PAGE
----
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Abbas: Palestine to go to UN in September

Mahmoud Abbas, the Palestinian president, has said that without a renewal of peace talks with Israel, the Palestinians will seek UN recognition.

Abbas's comments, on Wednesday, came a day after a major speech by Benjamin Netanyahu, Israel's prime minister.

"Our first choice is negotiations, but if there is no progress before September we will go to the United Nations," Abbas said, slamming Netanyahu's speech to the US Congress on Tuesday, which, he said, was devoid of any new incentive to restart peace talks.

The Palestinian leader said Netanyahu's speech only served to add obstacles on the road to peace and contained "errors and distortions".

'Painful compromises'

The Israeli leader, who addressed Congress on the last day of a trip to Washington, said he was willing to make "painful compromises" for peace.

But he ruled out a division of Jerusalem, the return of Palestinian refugees, and the possibility of using the borders that existed before 1967 as a basis for peace negotiations.

Earlier, in a key policy speech on Thursday, Barack Obama, the US president, had called for new talks based on the lines in place before the 1967 Six Day War.

But Netanyahu used the trip to reject the 1967 lines as "indefensible" and insisted that Israel would never accept them as a basis for negotiations.

Officials in the West Bank city of Ramallah said the speech had only added more "obstacles" on the path to peace.

Meanwhile, Gaza's Islamist Hamas rulers said Netanyahu had laid down conditions which were "impossible" for the Palestinians to meet.

"There is nothing new in Netanyahu's speech except that he is adding obstacles on the road towards a genuine, serious, lasting and comprehensive peace," said Nabil Abu Rudeina, spokesman for Palestinian president Mahmud Abbas.

1967 borders

Peace, Rudeina said, required international benchmarks such as recognition of the borders of 1967 as the basis for any peace negotiations.

Jibril Rajoub, a senior official of Abbas's Fatah movement, told the AFP news agency that the address revealed the "true face" of Netanyahu and his ruling right-wing Likud party, which he described as "a danger to regional stability and international peace".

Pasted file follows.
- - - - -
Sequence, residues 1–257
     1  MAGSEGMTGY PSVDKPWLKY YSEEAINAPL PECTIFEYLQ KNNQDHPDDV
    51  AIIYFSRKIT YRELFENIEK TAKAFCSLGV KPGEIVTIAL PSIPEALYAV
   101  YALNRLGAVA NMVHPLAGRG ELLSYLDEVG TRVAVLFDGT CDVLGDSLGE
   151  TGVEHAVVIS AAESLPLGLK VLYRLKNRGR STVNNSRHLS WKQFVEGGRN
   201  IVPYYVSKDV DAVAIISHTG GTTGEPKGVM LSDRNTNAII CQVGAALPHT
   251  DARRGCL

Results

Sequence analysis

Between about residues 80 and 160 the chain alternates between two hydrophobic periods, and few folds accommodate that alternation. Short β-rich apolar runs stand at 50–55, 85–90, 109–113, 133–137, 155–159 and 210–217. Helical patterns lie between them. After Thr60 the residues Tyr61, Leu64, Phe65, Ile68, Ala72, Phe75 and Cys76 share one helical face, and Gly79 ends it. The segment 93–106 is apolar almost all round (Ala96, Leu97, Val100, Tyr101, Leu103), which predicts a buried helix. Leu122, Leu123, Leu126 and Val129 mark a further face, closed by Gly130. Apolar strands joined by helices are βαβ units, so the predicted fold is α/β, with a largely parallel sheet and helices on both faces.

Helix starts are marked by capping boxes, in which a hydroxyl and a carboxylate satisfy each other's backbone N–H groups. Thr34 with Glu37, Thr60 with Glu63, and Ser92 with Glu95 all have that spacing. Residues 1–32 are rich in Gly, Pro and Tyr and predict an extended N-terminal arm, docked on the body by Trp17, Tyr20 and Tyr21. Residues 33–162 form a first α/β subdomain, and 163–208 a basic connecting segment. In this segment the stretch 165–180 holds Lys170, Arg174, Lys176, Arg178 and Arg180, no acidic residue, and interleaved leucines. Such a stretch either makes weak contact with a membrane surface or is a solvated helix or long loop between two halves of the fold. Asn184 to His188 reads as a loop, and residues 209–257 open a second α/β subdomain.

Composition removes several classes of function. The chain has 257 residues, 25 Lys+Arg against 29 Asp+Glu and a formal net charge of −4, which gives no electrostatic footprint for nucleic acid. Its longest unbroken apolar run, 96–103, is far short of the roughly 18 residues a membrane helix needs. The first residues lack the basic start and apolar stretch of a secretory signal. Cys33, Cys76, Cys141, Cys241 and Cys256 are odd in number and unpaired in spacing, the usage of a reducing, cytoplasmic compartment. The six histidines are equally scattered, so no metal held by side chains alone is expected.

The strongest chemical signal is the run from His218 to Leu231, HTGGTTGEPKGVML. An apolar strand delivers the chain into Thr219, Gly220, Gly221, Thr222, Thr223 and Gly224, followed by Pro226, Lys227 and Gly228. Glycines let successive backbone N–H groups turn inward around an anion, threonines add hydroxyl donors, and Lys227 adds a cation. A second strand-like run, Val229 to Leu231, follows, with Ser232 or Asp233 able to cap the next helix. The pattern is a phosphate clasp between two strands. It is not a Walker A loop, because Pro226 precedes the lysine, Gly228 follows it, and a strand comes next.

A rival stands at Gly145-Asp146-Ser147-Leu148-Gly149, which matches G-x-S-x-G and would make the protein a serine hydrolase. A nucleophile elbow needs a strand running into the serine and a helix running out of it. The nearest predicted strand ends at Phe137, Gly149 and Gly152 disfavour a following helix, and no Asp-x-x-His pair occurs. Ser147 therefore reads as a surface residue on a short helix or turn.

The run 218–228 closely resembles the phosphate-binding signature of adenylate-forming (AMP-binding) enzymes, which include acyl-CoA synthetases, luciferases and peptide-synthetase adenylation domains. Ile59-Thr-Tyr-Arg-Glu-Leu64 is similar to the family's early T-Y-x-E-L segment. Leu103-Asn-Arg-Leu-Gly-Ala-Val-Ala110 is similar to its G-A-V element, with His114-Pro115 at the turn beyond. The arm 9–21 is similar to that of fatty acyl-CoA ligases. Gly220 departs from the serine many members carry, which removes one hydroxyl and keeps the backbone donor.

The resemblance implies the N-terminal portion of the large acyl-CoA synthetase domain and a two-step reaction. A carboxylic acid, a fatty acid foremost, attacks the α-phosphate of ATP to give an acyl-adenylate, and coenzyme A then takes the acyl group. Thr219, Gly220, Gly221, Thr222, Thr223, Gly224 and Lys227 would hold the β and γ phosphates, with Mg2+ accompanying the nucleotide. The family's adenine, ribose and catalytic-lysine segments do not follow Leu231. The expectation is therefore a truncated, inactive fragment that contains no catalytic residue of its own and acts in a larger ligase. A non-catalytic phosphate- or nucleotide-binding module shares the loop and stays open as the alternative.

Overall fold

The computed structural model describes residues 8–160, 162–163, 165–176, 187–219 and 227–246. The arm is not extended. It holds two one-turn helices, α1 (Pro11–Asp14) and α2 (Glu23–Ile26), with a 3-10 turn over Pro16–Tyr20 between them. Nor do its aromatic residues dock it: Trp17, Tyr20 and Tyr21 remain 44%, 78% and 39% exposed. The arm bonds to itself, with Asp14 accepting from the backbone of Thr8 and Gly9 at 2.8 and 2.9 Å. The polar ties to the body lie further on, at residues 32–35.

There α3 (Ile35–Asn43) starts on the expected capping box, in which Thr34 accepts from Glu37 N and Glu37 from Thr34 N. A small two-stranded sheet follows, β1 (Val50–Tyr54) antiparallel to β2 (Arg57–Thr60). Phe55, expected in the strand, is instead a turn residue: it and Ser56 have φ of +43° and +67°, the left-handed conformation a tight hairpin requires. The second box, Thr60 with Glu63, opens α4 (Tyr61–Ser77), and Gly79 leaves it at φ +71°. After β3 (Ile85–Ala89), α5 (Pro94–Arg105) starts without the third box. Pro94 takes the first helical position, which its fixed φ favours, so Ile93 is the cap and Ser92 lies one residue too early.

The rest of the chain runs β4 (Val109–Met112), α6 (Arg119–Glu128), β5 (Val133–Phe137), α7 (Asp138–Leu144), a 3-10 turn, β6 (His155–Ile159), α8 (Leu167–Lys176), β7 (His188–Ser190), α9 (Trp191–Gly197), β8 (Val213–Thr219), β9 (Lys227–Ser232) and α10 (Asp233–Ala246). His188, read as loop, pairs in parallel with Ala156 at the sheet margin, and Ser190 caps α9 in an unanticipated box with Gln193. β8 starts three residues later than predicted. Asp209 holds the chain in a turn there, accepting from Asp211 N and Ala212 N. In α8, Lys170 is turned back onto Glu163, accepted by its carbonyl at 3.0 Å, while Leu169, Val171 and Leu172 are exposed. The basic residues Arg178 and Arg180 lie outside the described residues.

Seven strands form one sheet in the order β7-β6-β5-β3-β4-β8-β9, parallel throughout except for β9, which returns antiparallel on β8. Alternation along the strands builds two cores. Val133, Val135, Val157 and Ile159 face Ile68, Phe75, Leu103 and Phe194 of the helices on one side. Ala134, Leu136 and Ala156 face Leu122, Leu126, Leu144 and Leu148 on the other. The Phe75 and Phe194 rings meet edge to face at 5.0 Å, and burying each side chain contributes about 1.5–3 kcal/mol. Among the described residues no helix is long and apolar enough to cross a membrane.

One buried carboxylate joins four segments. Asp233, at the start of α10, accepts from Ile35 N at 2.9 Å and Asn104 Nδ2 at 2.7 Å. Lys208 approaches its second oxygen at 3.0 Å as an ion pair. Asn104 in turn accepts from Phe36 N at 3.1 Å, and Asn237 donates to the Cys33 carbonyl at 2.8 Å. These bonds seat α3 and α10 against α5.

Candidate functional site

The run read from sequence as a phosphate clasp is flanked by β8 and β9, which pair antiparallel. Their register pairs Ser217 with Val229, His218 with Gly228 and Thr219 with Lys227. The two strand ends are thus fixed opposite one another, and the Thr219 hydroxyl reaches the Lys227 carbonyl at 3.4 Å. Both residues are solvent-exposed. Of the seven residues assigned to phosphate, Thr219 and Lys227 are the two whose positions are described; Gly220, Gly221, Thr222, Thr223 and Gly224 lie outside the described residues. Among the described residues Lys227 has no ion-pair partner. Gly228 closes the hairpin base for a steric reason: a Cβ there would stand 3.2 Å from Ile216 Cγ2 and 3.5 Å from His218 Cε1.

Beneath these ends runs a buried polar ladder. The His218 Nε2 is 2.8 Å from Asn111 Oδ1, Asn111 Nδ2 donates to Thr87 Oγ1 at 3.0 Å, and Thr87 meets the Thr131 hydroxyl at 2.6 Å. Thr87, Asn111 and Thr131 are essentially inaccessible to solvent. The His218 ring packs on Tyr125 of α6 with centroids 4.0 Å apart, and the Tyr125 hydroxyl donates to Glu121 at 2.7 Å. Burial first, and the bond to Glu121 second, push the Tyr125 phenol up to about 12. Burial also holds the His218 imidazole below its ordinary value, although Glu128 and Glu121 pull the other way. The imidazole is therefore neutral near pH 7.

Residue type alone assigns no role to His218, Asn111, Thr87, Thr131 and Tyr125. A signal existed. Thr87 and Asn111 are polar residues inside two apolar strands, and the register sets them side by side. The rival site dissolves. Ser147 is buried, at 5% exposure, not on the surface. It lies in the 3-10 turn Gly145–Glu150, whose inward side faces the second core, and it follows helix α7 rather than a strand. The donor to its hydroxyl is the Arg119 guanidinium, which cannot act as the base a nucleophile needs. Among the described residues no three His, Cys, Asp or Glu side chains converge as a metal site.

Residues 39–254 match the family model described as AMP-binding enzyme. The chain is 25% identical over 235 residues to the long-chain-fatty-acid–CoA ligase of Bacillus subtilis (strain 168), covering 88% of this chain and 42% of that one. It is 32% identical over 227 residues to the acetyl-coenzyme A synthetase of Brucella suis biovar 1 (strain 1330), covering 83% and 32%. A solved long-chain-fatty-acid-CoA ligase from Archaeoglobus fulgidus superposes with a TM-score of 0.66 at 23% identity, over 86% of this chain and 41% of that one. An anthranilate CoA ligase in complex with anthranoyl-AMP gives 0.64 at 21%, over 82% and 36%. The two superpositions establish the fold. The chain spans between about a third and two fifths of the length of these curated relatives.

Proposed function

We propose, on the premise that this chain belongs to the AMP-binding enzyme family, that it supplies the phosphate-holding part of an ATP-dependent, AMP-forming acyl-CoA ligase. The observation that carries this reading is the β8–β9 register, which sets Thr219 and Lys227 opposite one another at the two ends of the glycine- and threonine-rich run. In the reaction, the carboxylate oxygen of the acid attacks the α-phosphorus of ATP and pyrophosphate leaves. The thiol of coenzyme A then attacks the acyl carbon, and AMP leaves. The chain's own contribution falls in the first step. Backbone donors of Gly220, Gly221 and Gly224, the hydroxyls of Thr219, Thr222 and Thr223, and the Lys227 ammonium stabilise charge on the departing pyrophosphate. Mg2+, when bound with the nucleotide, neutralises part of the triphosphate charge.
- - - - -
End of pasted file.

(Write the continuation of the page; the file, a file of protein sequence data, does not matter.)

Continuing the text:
And Taher al-Nunu, a spokesman for the Hamas-run government in the Gaza Strip, said it proved Netanyahu "doesn't want any peace process and that he is setting impossible conditions for the Palestinians to meet."

He also said that Netanyahu was "trying to deceive the world by speaking of the possibility of recognising a Palestinian state while destroying its foundations" by rejecting a return to the 1967 borders, by refusing to give up East Jerusalem, and by ruling out any return for the Palestinian refugees.

The Israeli leader had been expected to make some kind of gesture to prevent the Palestinians from pursuing a diplomatic campaign to win UN recognition, in a move expected to take place in September.

But Netanyahu said: "The Palestinian attempt to impose a settlement through the United Nations will not bring peace. It should be forcefully opposed by all those who want to see this conflict end."

Palestinian negotiator Mohammed Shtayeh said the speech had left Palestinians with one choice - "to go to the UN in September, to the General Assembly".

Fatah-Hamas deal

The Israeli leader also took aim at the recently-signed reconciliation deal between Abbas's secular Fatah movement and Hamas, which does not recognise the state of Israel.

"I say to President Abbas: Tear up your pact with Hamas. Sit down and negotiate. Make peace with the Jewish state," he said.

"And if you do, I promise you this: Israel will not be the last country to welcome a Palestinian state as a new member of the United Nations - it will be the first."

But Hamas spokesman Sami Abu Zuhri dismissed his remarks as "arrogant."

"The true response to this arrogant speech which denies Palestinian rights should be the complete ending of all negotiation and the implementation of reconciliation as soon as possible," Zuhri said.

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Released: Wednesday, May 25, 2011 15:01 UTC  Type of news: Good   › Reporter type

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